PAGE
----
Handcrafted furniture is ingrained with the creativity, wisdom, and devotion of the artisan who makes it. It exudes a vitality, a spirit, that fills the heart and home. John Rousseau, one of British Columbia’s most talented bespoke furniture-makers, describes for us the depth of his craft — how he dances along the line between chaos and perfect form as he creates, how wood itself has taught him profound life lessons, how he is part of a worldwide renaissance of artisanship.
“Being a craftsman is all about being in a constant state of fine-tuning and improving yourself, your environment, your products, and your mind frame,” he says. “I integrate my craftsmanship into every facet of my life so that wherever I am, whatever I’m doing, it’s always creative, dynamic. It’s always an expression of not only who I am now, but who I’m trying to become.”
Rousseau has also been a jazz musician for decades. People often ask him about how he writes songs, “What comes first — the lyrics or music?” But artistic creation isn’t such a linear process, he says. The music flows forth in a way Rousseau can’t quite describe, and so too does his creativity in woodworking.
He might take a piece of wood, for example, and see a table top emerge as he works on it. Then it’s obvious to him that it needs a steel, white powder-coated base. “Sometimes it’s the exact opposite,” he says. “You have an idea for a base. You crank a base out and then you just build a top for it.”
“You could liken it to a manic creative frenzy where you never know what’s going to come out, and you couldn’t explain it to somebody before you did it. It just happens,” he says.
Both when he’s making music and when he’s making furniture, Rousseau stays perfectly within the moment. He feels the notes and weaves them together as they emerge from his instrument. In making furniture, he creates a harmony between the various materials he works with, whether it’s wood, leather, stone, or steel.
“If you’re not improvisational in nature, I would not recommend the crafts because you’re constantly dancing with disaster,” he says. “I find that some of my best work is when I was just walking along that knife edge between disaster and greatness. It is in that chaos that you find your best work.”
Some of my best work is when I was just walking along that knife edge between disaster and greatness. –John Rousseau
Craftsmanship that goes through struggle, perseverance, and then victory, has soul and strength. An artisan’s hand adds to the furniture his inward essence and fortitude, something a machine-made piece cannot offer. A machine doesn’t question, nor does it enlighten. It just coldly replicates without personality or uniqueness.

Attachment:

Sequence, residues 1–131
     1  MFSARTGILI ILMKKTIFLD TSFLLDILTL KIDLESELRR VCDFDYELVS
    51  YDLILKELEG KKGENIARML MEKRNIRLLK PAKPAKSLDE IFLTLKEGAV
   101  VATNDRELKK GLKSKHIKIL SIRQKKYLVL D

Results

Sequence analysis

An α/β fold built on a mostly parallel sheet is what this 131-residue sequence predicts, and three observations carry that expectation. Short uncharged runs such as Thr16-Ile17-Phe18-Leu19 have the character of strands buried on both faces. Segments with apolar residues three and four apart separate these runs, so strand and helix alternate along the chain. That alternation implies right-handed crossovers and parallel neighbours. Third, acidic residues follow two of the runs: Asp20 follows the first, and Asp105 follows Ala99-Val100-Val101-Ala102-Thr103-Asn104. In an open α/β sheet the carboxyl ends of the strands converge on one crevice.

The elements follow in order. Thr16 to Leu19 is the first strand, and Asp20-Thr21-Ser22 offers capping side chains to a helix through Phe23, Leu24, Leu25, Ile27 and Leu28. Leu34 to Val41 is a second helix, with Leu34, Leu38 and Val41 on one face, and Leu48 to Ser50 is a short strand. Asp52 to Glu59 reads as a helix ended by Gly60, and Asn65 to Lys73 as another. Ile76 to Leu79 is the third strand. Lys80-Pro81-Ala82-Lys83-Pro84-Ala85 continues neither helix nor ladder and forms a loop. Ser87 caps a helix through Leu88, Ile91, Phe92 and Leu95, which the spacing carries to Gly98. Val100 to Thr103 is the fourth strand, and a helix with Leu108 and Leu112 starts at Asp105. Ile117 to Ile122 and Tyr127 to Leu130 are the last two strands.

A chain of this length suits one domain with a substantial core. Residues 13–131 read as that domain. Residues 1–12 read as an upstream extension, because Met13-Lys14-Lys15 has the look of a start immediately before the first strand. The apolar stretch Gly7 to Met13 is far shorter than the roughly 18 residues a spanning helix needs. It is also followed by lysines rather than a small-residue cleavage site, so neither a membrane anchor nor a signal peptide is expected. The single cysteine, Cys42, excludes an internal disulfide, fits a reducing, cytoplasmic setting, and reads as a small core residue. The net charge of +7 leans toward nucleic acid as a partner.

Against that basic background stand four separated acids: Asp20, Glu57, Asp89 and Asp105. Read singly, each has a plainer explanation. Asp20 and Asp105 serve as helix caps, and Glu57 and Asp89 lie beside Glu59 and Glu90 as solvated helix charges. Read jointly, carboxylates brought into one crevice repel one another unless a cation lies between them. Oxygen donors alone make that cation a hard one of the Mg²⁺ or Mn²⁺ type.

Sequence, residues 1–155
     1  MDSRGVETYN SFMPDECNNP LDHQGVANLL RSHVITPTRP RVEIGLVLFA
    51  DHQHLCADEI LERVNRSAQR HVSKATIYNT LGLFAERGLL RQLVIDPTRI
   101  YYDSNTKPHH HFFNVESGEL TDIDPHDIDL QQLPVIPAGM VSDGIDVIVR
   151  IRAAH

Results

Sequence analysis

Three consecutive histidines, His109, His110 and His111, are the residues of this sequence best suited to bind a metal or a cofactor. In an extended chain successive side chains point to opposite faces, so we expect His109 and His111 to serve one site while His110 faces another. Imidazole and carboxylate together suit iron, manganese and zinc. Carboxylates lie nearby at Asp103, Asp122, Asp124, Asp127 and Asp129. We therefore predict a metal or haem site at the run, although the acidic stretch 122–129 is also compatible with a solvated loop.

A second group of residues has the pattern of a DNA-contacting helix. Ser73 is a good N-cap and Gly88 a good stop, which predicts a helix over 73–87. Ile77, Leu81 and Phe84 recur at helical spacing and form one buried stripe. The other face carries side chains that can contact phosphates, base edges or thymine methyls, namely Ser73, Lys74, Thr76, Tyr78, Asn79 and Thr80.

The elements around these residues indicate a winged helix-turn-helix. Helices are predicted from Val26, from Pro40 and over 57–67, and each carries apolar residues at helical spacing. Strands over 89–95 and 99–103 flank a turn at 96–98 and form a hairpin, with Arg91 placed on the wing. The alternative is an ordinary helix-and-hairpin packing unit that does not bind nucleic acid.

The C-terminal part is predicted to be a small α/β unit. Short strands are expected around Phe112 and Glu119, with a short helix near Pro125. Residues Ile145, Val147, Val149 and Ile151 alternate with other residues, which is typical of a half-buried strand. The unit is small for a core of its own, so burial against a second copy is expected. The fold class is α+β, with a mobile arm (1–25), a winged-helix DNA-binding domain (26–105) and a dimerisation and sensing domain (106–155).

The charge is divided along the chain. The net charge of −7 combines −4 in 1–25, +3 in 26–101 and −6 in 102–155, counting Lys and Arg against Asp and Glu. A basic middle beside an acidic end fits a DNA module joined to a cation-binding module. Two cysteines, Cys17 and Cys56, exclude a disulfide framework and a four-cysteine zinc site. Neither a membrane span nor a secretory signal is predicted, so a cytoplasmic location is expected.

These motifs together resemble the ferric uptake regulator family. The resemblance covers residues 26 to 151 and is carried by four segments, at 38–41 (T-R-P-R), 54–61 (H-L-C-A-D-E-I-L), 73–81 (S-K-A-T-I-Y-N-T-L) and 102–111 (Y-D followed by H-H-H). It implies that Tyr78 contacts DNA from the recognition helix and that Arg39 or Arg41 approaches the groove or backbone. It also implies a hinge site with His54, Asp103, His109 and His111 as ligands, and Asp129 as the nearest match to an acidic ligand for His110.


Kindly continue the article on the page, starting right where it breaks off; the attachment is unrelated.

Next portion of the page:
“I think a happy human is a human that can take a step back at the end of the day and look at something that they have accomplished that’s beautiful. Craftsmanship is the epitome of that,” Rousseau says.
An advocate for craftsmanship, Rousseau also speaks out against problems in the woodworking industry. He describes a “disgusting” reality in North America’s wood industry: the best flitches of wood are sold to foreign markets, where the best cuts are removed. The remainder is turned into particle board and sold back to North America as sheet goods or cheap furniture. Then, five to ten years later, that mass-produced, poor quality furniture ends up in landfills.
“We can do better than that,” he says. “We can process our own wood here and build beautiful, lasting pieces of furniture here, and keep our jobs here. That’s the tip of our spear in my shop.”
Rousseau saw reflected in the Luxury Home & Design Show’s mission his hope for the future of handmade craftsmanship, and so he participated as an exhibitor. The show — hosted by our sister media, Taste of Life in June — brought together in Vancouver artisans from all over the world who are dedicated to perfection despite all challenges, who are willing to linger over fine details in a fast-paced and mechanized world.
The artisanal renaissance has already begun.
“Somehow when you’re on a path, you find other people that are on the same path,” Rousseau says. “My clients have moved past the phase in life where they are settling for second-best objects. The objects that they want to interface with are fine objects… shaped by hand, designed by somebody thoughtfully, and have an heirloom character to them.”
A natural choice
Rousseau grew up in the mountains of British Columbia — the “Lotus Land, the land of fairies and gnomes,” Rousseau says jokingly. His father was a cabinetmaker, and it seemed Rousseau’s life was already carved out for him.
“Woodworking never really seemed like a choice,” he says. His first job, at the age of 9, was making bird-feeders. “It’s just in my blood,” he says. Living surrounded by forest also made wood a natural medium for him.
But in his 20s, Rousseau found himself working in hospitality and feeling unfulfilled. “There wasn’t really much to show for it at the end of the day besides a pocket full of cash,” he says. He decided to return to working with his hands, and spent the next eight years setting stone and mason tiles in high-end bathrooms.